A Conflict Resolution Guide for Students
Compiled by Heidi Burgess, Co-Director, University of Colorado Conflict Research Consortium
From grade school all the way through graduate school, teachers assign group projects. These projects can be fun, or they can be very frustrating, as the groups do not always work well together and some people do not seem to carry their fair share. But one of the purposes of group projects is to learn to work well in groups, since many (perhaps most) jobs involve doing group work as well. So learning how to work well in groups is very important to future success. The following guide can help students get the most benefit and least frustration out of group projects.
First step: Know who is in your group and how to contact them.
Every time I assign a group project, I hear the same lament at the end from at least one group: "So-and-so didn't finish their part on time." OR "He never met with us." OR "We couldn't get in touch with her." If you exchange names, email addresses and phone numbers as soon as your group is formed, that goes a long way toward preventing this problem. Designating one person as "group facilitator" is also helpful. The facilitator's job is to make sure everyone knows when and where to meet, sends out a reminder message the day before any meetings, and sends out a confirmation email after each meeting, clarifying in writing who is expected to do what by when. The facilitator might also check in with group members on occassion if you are not meeting frequently--making sure they are on track and clarifying expectations if they are not. While this doesn't avoid all problems, it goes a long way toward preventing most of them.
Second Step: Clarify the goals and tasks to be accomplished by the whole group. Discuss as a group:
- What the assignment is (to make sure everyone has the same understanding).
- When the assignment is due (or when each part is due). (Again, to make sure everyone is aware of the deadlines.)
- How, exactly, are you going to meet the requirements of the assignment? (For example, if the assignment is to do a research paper, what are you going to research? If it is to build something, what are you going to build?)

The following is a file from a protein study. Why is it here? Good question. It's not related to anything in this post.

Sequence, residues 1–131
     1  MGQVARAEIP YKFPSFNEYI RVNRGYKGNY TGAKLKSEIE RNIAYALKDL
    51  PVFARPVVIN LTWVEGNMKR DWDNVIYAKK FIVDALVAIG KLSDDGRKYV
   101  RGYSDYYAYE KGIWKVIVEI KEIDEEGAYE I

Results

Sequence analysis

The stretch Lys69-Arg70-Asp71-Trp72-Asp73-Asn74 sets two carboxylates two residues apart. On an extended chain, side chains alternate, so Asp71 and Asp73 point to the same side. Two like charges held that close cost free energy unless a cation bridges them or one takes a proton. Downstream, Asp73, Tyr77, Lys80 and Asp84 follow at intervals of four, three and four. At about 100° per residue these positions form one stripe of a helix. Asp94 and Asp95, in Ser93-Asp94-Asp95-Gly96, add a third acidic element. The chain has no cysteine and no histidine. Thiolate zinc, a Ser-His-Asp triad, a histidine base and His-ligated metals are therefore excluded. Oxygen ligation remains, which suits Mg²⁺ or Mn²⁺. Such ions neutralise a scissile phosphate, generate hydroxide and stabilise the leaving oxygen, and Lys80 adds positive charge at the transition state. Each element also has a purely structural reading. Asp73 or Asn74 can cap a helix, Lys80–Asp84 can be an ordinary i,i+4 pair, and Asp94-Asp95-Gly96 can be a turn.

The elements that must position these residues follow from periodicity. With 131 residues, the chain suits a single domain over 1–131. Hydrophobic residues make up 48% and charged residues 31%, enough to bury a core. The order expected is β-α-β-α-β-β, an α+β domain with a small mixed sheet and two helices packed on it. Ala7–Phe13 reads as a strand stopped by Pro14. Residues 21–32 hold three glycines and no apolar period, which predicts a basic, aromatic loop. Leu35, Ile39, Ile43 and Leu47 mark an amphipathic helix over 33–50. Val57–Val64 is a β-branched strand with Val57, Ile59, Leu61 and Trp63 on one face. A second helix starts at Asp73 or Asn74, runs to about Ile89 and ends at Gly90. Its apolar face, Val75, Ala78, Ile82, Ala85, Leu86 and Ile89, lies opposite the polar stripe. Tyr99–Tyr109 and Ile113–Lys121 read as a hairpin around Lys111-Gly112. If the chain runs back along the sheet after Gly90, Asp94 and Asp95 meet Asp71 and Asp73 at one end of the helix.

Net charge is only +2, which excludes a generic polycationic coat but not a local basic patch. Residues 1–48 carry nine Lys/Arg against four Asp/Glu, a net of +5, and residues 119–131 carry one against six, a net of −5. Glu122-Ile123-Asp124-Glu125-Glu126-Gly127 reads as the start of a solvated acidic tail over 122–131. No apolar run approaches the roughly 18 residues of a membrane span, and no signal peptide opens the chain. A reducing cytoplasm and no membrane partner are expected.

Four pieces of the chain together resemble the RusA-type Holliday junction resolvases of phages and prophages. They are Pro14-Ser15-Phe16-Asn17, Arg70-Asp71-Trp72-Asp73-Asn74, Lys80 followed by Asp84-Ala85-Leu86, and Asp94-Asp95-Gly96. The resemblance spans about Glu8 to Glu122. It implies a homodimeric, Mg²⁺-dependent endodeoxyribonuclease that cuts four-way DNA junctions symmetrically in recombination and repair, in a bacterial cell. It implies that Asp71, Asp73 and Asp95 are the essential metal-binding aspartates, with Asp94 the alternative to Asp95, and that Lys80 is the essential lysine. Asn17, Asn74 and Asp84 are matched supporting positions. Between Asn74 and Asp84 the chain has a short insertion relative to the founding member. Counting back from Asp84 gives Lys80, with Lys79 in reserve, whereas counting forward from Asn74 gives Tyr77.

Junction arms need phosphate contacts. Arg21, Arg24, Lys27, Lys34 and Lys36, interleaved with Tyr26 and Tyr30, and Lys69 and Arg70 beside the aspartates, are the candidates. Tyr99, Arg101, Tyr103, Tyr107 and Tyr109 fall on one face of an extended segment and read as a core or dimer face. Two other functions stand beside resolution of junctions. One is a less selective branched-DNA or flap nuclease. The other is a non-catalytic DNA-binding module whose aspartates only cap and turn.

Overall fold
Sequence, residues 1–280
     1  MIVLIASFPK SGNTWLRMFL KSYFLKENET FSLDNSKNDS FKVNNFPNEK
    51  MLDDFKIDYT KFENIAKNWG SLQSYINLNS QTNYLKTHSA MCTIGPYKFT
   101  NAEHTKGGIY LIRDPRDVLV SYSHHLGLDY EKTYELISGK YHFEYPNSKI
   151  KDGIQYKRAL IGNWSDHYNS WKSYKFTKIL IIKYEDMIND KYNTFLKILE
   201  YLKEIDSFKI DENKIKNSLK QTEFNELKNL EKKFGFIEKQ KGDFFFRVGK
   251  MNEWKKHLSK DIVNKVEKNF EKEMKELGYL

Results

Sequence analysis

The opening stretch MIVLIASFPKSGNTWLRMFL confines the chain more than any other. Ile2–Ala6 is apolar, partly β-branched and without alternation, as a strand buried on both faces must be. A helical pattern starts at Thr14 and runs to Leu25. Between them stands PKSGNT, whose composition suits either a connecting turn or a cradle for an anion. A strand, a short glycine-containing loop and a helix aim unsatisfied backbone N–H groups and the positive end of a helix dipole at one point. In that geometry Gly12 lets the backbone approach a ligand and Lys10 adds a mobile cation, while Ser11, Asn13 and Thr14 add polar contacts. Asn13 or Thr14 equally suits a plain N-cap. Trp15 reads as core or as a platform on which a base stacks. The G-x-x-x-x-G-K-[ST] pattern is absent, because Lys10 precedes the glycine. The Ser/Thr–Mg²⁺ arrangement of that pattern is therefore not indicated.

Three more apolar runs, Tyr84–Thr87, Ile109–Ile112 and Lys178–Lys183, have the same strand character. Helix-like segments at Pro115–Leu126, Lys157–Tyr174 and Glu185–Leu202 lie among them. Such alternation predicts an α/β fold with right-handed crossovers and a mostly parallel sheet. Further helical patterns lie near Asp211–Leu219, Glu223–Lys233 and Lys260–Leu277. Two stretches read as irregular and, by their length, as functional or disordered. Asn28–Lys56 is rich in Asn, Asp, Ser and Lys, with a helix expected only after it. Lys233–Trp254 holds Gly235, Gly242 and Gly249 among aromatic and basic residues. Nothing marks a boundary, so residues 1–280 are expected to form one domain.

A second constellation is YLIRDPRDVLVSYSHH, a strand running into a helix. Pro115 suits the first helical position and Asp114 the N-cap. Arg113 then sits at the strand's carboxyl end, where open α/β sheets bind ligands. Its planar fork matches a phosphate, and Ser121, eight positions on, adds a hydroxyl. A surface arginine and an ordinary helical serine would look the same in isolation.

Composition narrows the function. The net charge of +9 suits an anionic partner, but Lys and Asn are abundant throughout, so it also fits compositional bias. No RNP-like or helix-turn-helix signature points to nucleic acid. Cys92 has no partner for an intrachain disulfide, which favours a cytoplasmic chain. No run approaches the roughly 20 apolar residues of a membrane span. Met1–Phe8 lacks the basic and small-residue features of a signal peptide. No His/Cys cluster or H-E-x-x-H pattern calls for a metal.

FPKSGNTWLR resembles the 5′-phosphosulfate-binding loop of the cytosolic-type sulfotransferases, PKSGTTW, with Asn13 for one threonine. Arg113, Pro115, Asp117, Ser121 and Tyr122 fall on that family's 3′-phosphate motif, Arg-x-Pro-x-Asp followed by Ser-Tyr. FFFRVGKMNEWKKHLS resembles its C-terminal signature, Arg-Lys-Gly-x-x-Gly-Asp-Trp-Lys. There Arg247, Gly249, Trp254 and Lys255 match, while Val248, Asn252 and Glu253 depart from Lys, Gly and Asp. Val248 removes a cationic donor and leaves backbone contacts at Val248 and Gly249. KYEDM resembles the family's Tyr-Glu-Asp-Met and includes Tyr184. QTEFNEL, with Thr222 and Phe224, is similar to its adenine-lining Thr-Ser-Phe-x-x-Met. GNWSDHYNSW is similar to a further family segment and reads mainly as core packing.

- If you are allowed considerable flexibility, it often helps to brainstorm a number of ideas and then assess the merits of each one separately. Things to consider:
- How much do you know about this topic already?
- How easy or hard would it be to get good information?
- Is the topic interesting to everyone? (If it is not interesting to some, they are not likely to work as hard as they might on a topic they found interesting.)
- Can you do a good job on this topic in the available time? With the available people? With the available resources? (Don't overestimate your abilities, but at the same time, don't sell yourselves short. Learning comes from accepting challenge.)
Third step: Once you choose a topic that meets everyone's interests:
- Work together to break the project up into separate tasks.
- Assign people and due-dates for each piece.
- Develop mechanisms for keeping in touch, meeting periodically, and sharing progress (and/or stumbling blocks).
Fourth Step: As the work proceeds:
- Keep in touch with each other frequently, reporting progress.
- If someone is having trouble completing his or her part, work with him or her to try to figure out how to solve the problem. Be supportive and helpful, but don't offer to do other people's work.
- At the same time, make it clear that the group is depending on everyone doing their part — it is not okay for one person to show up at the last minute without his or her part done.
Fifth Step: Finishing Up
Be sure to leave enough time at the end to put all the pieces together and to make sure everything is done. I often urge students to have the draft assembled a week ahead of time and designate one person to be the editor, whose job it is to make sure everything hangs together, all the footnotes are done properly and consistently, etc. This is obviously a pretty big job, so this person should have a smaller part of the original research and writing tasks to be fair.
If you have a presentation at the end, go through the same process — decide who is going to do what, and give everyone enough time to prepare and practice (preferably together) ahead of time. If you can practice together, make constructive suggestions about how team members can do better; but take care to not humiliate or belittle another's presentation. This will just make the other person embarrassed and/or angry and is likely to be counterproductive if your goal is getting a good grade.
Throughout this process, conflict can be avoided (and resolved if it develops) by following certain conflict avoidance guidelines.
Separate the people from the problem.
This means separating relationship issues (or "people problems") from substantive issues, and dealing with them independently. People problems, Fisher, Ury and Patton (1991) observe, tend to involve problems of perception (also called "framingproblems), emotion, and communication.
Things to try to correct perception or framing problems:
- Try to see the situation from the other person's perspective. You do not have to agree with their perceptions of the situation. But it is important to understand what they think and feel, and why they think and feel as they do.